• A slow-running user query: The performance of an existing query might regress, or a new query might appear to be taking longer than expected. There can be many reasons for this. For example:
o Changes in statistical information can lead to a poor query plan for an existing query.
o Missing indexes can force table scans and slow down the query.
o An application can slow down due to blocking even if resource utilization is normal.
o Excessive blocking can be due to poor application or schema design or the choice of an improper isolation level for the transaction.
The causes of these symptoms are not necessarily independent of each other. The poor choice of a query plan can tax system resources and cause an overall slowdown of the workload. So, if a large table is missing a useful index, or if the query optimizer decides not to use it, the query can slow down; these conditions also put heavy pressure on the I/O subsystem to read the unnecessary data pages and on the memory (buffer pool) to store these pages in the cache. Similarly, excessive recompilation of a frequently-run query can put pressure on the CPU.
New Performance Tools in SQL Server 2008
SQL Server 2008 introduced new features and tools that you can use to monitor and troubleshoot performance problems. We’ll discuss two features: Extended Events and the data collector.
Resource Bottlenecks
The next sections of this paper discuss CPU, memory, and I/O subsystem resources and how these can become bottlenecks. (Network issues are outside of the scope of this paper.) For each resource bottleneck, we describe how to identify the problem and then iterate through the possible causes. For example, a memory bottleneck can lead to excessive paging, which can ultimately impact performance.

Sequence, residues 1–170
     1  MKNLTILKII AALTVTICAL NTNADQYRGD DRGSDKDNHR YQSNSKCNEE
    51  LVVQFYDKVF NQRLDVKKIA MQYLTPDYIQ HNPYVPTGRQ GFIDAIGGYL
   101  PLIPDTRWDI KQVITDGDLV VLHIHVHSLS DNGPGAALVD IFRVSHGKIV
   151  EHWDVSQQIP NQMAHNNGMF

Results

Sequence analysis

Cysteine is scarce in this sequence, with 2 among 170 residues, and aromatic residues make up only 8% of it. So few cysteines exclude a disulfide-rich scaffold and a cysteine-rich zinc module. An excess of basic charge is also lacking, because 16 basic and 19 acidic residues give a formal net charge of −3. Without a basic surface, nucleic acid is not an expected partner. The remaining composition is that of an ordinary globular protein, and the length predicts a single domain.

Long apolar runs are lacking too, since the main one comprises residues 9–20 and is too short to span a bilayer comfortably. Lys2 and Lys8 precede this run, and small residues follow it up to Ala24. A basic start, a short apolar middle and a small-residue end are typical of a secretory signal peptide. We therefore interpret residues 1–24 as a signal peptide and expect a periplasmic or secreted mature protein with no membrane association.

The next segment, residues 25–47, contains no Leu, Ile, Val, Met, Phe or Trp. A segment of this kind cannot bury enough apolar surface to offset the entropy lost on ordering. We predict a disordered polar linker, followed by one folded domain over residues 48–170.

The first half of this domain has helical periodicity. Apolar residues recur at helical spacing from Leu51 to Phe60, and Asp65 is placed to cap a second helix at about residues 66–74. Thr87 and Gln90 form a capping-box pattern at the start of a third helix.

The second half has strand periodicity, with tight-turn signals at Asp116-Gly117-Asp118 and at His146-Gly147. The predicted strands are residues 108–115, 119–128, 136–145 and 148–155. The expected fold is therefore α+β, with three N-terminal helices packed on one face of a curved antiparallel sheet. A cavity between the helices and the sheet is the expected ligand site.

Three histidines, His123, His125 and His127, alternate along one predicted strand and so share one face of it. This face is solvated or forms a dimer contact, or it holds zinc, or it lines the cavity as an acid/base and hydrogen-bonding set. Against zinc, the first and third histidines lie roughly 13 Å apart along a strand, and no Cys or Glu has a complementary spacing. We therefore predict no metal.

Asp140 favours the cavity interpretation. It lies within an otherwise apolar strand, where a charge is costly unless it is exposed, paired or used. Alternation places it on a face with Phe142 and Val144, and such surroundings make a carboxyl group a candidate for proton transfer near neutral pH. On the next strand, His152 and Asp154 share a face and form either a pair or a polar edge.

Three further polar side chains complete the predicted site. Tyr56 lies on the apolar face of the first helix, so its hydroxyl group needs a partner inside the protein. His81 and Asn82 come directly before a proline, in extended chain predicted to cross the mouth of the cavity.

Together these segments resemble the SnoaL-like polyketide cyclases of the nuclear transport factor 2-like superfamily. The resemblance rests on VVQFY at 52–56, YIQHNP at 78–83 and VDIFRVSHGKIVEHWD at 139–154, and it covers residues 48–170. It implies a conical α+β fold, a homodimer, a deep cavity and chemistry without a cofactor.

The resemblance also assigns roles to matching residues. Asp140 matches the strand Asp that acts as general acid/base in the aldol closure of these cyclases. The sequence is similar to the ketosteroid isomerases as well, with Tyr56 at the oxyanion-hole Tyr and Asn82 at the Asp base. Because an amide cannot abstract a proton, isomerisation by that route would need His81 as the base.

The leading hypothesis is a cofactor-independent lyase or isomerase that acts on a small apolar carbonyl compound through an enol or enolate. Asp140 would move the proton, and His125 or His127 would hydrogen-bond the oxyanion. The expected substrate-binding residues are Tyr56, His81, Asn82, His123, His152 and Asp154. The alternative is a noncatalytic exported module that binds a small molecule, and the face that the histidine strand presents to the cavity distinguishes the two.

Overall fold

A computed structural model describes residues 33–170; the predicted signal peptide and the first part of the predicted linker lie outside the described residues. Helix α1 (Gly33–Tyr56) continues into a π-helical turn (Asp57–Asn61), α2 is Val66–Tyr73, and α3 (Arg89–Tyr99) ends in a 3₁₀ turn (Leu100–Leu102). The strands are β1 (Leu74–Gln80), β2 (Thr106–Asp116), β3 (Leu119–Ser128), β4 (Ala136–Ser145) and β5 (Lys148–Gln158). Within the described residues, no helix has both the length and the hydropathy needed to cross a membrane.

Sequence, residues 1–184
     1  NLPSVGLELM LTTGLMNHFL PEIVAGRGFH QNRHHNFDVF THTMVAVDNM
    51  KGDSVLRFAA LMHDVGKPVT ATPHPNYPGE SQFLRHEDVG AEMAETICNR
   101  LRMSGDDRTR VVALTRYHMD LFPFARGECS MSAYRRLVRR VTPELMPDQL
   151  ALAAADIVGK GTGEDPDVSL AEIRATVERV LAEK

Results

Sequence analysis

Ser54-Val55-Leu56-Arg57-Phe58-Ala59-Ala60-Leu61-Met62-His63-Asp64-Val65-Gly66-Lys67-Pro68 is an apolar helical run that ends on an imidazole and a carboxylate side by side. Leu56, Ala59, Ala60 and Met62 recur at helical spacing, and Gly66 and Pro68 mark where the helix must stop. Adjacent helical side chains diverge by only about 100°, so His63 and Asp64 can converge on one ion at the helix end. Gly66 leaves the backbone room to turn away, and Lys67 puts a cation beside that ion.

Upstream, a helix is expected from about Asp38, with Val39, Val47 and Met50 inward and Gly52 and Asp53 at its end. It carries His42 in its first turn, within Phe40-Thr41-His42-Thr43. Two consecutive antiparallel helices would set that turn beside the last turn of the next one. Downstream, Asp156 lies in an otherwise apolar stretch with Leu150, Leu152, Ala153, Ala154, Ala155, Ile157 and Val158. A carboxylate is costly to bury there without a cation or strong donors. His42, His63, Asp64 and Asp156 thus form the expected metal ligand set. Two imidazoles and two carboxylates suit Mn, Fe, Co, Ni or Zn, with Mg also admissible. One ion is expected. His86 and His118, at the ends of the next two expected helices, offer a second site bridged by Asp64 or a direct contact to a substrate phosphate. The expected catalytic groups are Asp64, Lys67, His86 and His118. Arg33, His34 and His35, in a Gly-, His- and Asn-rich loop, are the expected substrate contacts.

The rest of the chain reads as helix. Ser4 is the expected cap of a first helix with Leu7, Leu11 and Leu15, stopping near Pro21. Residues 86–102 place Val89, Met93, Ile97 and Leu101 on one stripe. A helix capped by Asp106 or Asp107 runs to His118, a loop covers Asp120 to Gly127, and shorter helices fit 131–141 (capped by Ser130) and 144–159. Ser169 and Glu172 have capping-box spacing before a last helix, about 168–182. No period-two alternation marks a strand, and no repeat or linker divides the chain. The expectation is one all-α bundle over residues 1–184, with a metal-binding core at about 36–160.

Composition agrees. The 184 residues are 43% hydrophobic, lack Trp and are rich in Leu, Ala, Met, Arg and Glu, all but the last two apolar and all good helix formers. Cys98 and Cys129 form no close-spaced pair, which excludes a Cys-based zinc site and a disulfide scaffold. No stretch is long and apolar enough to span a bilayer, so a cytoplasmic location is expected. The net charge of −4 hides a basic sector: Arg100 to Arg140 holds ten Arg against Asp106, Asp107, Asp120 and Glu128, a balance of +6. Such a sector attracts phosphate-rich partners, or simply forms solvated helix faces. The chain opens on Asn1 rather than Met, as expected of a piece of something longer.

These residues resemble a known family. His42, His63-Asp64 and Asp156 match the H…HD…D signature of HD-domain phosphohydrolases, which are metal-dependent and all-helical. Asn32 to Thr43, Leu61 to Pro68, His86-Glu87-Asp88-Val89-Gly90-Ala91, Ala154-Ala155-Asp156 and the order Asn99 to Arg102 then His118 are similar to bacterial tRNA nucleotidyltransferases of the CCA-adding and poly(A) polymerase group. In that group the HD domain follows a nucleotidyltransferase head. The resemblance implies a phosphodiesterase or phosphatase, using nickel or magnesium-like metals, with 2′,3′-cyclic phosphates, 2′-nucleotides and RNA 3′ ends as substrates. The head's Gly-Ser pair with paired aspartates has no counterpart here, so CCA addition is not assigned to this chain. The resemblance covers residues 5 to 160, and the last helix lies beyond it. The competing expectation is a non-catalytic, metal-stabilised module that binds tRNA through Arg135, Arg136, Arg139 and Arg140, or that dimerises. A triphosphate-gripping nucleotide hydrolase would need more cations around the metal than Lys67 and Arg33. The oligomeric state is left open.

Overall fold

Before you can determine whether you have a resource bottleneck, you need to know how resources are used under normal circumstances. You can use the methods outlined in this paper to collect baseline information about the use of the resource (at a time when you are not having performance problems).
You might find that the problem is a resource that is running near capacity and that SQL Server cannot support the workload in its current configuration. To address this issue, you may need to add more processing power or memory, or you may need to increase the bandwidth of your I/O or network channel. However, before you take that step, it is useful to understand some common causes of resource bottlenecks. Some solutions, such as reconfiguration, do not require the addition of more resources.
Tools for Resolving Resource Bottlenecks
One or more of the following tools can be used to resolve a particular resource bottleneck:
• Performance Monitor: This tool is available as part of the Windows® operating system. For more information, see your Windows documentation.
• SQL Server Profiler: See SQL Server Profiler in the Performance Tools group in the SQL Server 2008 program group. For more information, see SQL Server 2008 Books Online.
• DBCC commands: For more information, see SQL Server 2008 Books Online and Appendix A.
• DMVs: For more information, see SQL Server 2008 Books Online.
• Extended Events: For more information, see Extended Events later in this paper and SQL Server 2008 Books Online.
• Data collector and the management data warehouse (MDW): For more information, see Data Collector and the MDW later in this paper and SQL Server 2008 Books Online.